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List of Articles by Sid Bañez

A Salute To The Wise Men Who Predicted A Split Decision

By Sid Bañez
18 Mar 2008

Let me salute the brave souls who predicted that the Pacquiao-Marquez II would end in a split decision – either for the Mexican or the Filipino.

It was, I thought, a ridiculous prediction for the following reasons:

1.The fighters knew fully well a split decision would not settle the Unfinished Business because it wouldn’t remove the cloud that engulfed the first fight which was a draw. In other words, a split decision would be as bad as a draw.

2.Both Pacquiao and Marquez swore the rematch would settle once and for all who is the better fighter.

3.Each fighter has enough well defined strengths and weaknesses which could lead to a decisive victory or defeat.

That said, it is easy to imagine a post-fight scenario where the loser would be profusely praising the victor and acknowledging having lost to a great fighter.

Instead what we heard was the winner saying, “The business is over.” (Read: no more rematch, guys.). The loser meanwhile looked at the decision with contempt, suggesting the fans were the best judge. In other words, the business remains unfinished and may remain that way. To be fair, Pacquaio denied he refused a rematch even with that statement. So, like the question of who is the better fighter, we still have to guess what Pacquiao meant by “The business is over.”

Having made a prediction that Pacquiao would stop Marquez inside ten bloody rounds, I was only half correct. The fight was bloody but it lasted the distance. However, I feel no shame being in the company of some distinguished former champions, trainers and sports journalists who were carried away by the Pacquiao magic and made wrong predictions, too.

How could Pacquiao-Marquez II be so close as to end in a split decision? To me and my distinguished company, that was unthinkable, even ridiculous.. With so much at stake and the immense improvement – in style and in training – each fighter was claiming, we became even more confident the unfinished business would be finished, with Pacquiao coming out the indisputable winner.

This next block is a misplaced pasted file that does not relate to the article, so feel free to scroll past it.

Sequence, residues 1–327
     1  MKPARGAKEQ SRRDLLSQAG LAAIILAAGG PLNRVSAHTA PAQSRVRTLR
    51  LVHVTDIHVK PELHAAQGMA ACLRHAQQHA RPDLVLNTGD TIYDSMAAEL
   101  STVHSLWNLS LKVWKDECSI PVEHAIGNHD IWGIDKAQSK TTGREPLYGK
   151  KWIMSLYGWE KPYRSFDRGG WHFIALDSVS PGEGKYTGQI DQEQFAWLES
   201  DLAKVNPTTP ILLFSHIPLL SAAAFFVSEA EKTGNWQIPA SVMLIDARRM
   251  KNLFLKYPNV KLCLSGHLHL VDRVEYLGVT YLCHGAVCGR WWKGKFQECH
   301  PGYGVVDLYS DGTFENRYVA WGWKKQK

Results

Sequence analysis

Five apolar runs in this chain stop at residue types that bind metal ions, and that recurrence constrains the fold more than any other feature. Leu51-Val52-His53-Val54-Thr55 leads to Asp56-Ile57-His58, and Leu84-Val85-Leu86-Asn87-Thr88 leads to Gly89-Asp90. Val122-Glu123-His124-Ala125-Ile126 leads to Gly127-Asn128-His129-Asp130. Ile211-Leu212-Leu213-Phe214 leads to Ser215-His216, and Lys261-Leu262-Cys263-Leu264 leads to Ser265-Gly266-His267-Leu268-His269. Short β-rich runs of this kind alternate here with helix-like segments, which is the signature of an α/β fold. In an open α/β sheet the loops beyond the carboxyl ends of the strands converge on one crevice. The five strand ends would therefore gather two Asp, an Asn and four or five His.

Like a voice in the wilderness, however, some misguided fellows publicly predicted a split decision, some for Marquez, some for Pacquiao. How could they?

It turned out they were the minds who have probed deeply enough into the physical, emotional and intangible aspects of the match up and told us “It’s not as simple as you think!”

Now, it dawned on me, a Pacquiao fan, that the world has long underrated Marquez and there is truth to him being The Avoided One. Now I have validated how smart he is, having seen him made the adjustments that prevented Pacquiao from maximizing his speed and power advantage. True, he was on his back in the third round, but didn’t he stand up as quickly as he fell? Not only did he recover from the knockdown, but he moved menacingly forward round after round, no longer content with being a fine counter-puncher. Thus, Pacquiao was unable to land as much body shots as he planned and his supposedly improved right was under-utilized. Instead, he had to rely on his left which Marquez’s radar could easily pick up, except once in the third round. Those who predicted the split decision somehow foresaw all of these developments.

To be sure, Pacquiao fought his fight - only with less intensity, admittedly because he was befuddled by Marquez many adjustments. Indeed Mexican moved forward, - initiating his combinations with left hooks followed by right crosses which frequently found their target - counterpunched, then moved forward again, not so much as to attack, but to make Pacquiao punch in an awkward position.

And so we had a split decision. Did the right man win? The judges said so. To my mind, though, the split decision could have gone to Marquez and as a Pacquiao fan I would have accepted it, disappointed, of course.

But the judges have spoken. And even before that, some fans, much wiser than I am, had envisioned the ending.

Back to Sid Bañez's Articles Listing

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